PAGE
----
Travelling to North Korea? Don't Forget To Draft a Will and Make Funeral Arrangements

Travel to North Korea is so dangerous that U.S. citizens should consider making a will and planning their funerals before they leave, the State Department has warned.

U.S. citizens have been banned from visiting North Korea since September 1 after the death of American tourist Otto Warmbier, who suffered brain damage while in detention in the country and later died.

There are exceptions for those carrying out humanitarian aid, diplomatic work or journalism, but the State Department has warned that those traveling to the country should draft a will, designate appropriate insurance beneficiaries and/or power of attorney" and "discuss a plan with loved ones regarding care/custody of children, pets, property, belongings, non-liquid assets, funeral wishes, etc."

It also recommends enrolling in the Smart Traveler Enrollment Program (STEP) to receive alerts and "make it easier to locate you in an emergency," and consulting Department of State social media pages.

Tourists pose for a group photo before statues of late North Korean leaders Kim Il-Sung (L) and Kim Jong-Il (R), on Mansu hill in Pyongyang on July 23, 2017. The State Department advised travelers to North Korea to draft a will and prepare funeral arrangement ahead of visiting the country. Ed Jones/AFP/Getty Images

The State Department has mapped the whole world according to four main levels of danger, rather than issuing warnings for specific countries as needed. And North Korea isn't the only country where Americans citizens could face mortal threats, it says.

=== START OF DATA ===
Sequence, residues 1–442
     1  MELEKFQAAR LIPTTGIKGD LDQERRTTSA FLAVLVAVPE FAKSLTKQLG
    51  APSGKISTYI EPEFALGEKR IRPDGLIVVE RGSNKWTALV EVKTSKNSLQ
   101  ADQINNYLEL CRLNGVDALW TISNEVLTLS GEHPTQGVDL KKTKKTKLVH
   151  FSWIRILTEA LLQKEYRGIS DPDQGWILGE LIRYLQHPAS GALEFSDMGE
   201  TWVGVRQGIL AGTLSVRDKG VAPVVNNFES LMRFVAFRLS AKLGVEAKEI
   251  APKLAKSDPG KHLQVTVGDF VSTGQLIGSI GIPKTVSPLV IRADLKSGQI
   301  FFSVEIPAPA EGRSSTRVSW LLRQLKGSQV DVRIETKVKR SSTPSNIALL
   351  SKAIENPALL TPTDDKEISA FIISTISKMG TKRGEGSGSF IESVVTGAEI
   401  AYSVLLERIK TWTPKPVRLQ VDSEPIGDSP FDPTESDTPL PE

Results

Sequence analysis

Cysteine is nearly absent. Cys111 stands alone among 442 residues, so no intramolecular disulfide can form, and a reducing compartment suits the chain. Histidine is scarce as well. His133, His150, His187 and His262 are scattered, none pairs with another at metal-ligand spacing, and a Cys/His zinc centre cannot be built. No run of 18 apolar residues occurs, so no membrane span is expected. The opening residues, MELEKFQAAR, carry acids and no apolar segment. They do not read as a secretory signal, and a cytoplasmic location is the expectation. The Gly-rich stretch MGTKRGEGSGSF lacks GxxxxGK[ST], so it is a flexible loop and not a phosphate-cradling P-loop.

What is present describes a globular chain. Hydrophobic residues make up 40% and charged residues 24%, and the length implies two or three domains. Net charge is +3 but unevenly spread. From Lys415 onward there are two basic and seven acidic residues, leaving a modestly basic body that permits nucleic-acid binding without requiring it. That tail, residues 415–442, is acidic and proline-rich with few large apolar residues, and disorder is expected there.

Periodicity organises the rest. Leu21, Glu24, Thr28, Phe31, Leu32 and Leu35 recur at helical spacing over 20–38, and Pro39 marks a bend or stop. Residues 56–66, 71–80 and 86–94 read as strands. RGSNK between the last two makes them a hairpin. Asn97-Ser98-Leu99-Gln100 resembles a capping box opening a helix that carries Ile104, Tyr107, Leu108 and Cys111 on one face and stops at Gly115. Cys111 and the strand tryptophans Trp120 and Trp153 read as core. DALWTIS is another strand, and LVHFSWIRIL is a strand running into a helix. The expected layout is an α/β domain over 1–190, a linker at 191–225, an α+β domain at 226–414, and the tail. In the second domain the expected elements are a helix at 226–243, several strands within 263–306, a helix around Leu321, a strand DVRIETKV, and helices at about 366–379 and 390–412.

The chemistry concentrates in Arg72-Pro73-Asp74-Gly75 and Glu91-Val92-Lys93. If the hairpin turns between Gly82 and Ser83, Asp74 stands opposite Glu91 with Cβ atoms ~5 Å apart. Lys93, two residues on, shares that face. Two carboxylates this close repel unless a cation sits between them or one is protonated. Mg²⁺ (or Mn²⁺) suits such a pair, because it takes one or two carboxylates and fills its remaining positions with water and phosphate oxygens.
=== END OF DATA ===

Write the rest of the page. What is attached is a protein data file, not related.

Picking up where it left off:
"While we will issue an overall Travel Advisory level for every country, levels of advice may vary for specific locations or areas within a country. For instance, we may advise U.S. citizens to 'Exercise Increased Caution' (Level 2) in a country, but to 'Reconsider Travel' (Level 3) to a particular area within the country," the State Department said in a statement.

The highest level of danger is in place for 10 other countries where the political situation is too unstable to guarantee the safety of American citizens, and even parts of Mexico rife with drug-related crime.

These are: Afghanistan, Central African Republic (CAR), Iran, Iraq, Libya, Mali, Somalia, South Sudan, Syria and Yemen. Only in Iran and North Korea's case the arrest and detention of U.S. citizens is cited as a reasons, whereas for the other country the high-risk status derives from dangers such as terrorism, crime, civil unrest and conflict.